In the past there has been little research into the molecular mechanisms of nutrient uptake and regulation in rice. The aim of this project was to clone and characterise genes from rice that are involved in phosphate and sulphate transport in order to enhance our understanding of the molecular nature of nutrient transport processes. Genes were isolated from a rice genomic library and their cDNAs generated using reverse-transcription polymerase chain reaction (RT-PCR).The genes were then characterised in terms of their expression in tissues and in response to different nutrient status. Functional analyses of the cloned transporter genes was also attempted using expression in yeast to study kinetic characteristics.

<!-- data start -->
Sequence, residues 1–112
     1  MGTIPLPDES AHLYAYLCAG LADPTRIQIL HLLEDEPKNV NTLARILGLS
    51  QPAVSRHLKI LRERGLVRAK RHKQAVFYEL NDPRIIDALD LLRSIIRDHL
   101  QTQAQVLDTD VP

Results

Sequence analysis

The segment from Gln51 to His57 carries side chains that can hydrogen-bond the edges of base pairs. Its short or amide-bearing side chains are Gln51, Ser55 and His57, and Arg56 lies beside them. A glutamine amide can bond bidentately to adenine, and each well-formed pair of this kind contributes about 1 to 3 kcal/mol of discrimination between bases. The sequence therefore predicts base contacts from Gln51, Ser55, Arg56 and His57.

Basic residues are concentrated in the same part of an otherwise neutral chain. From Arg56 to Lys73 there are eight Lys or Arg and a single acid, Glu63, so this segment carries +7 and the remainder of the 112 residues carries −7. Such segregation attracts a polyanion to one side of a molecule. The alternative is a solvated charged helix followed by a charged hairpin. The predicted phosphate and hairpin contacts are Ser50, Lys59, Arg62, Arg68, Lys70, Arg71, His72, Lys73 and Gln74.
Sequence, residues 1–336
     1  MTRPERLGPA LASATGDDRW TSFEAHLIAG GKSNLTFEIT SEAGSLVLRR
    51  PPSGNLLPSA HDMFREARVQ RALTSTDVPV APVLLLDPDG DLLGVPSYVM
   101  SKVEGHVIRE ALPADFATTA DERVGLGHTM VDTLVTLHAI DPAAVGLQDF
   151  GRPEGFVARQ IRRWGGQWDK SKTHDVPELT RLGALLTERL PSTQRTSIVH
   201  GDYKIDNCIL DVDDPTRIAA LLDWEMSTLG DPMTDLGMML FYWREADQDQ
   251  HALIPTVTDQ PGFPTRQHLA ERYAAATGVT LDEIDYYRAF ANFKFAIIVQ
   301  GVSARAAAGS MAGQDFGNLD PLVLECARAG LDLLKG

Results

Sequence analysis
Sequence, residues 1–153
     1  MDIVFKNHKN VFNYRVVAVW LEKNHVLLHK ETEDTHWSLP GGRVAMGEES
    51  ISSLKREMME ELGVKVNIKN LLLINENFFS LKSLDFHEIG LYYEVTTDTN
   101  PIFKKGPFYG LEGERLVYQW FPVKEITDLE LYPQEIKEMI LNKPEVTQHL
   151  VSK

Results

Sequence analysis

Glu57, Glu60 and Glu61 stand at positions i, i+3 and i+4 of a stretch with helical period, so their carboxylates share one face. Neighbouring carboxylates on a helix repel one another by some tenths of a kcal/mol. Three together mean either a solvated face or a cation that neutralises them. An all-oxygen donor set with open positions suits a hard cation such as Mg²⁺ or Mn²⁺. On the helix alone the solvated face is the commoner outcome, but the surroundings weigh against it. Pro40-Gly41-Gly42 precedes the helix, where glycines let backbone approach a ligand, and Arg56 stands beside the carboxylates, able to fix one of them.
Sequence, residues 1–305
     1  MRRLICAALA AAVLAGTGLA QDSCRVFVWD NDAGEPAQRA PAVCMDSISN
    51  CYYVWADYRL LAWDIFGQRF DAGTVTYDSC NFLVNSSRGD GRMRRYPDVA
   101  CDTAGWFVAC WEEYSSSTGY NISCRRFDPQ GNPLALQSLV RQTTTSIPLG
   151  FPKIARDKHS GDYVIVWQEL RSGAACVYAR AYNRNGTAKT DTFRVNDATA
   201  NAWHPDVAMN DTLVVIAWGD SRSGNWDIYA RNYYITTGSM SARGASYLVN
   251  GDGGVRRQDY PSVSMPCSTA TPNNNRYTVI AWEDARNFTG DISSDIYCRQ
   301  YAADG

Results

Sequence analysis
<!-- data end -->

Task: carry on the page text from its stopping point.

Four rice genes were isolated and cloned, two encoding phosphate transporters and two encoding sulphate transporters. Southern analyses revealed that each of these genes occur in single copy in the rice genome. OsPT1 is predicted to encode a protein of 555 amino acids with a molecular mass of 6lkD while OsPT2 is predicted to encode a protein of 538 amino acids with a molecular mass of 60kD. Both genes encode putative phosphate transporters belonging to the Phtl family of plant H+/ H2P04- symporters. They possess between 72-87% similarity and 52-79% identity with other plant homologues, have conserved signature sequences for the Pht1 family oftransporters, and have a predicted topology of 12 membrane spanning domains of α helices. OsPT2 was found to be expressed in roots and shoots with expression being unresponsive to external phosphorus supply. Partial complementation of a yeast strain, deficient in high affmity phosphate uptake, was achieved with the product encoded by OsPT2, thereby demonstrating function of the gene. This was detected using a sensitive test for acid phosphatase activity. Under conditions tested in this project, northern analyses did not detect expression of OsPT1, however sequence analyses suggest that it is also a functioning gene. Further experimentation would be needed to determine expression patterns and role of OsPT1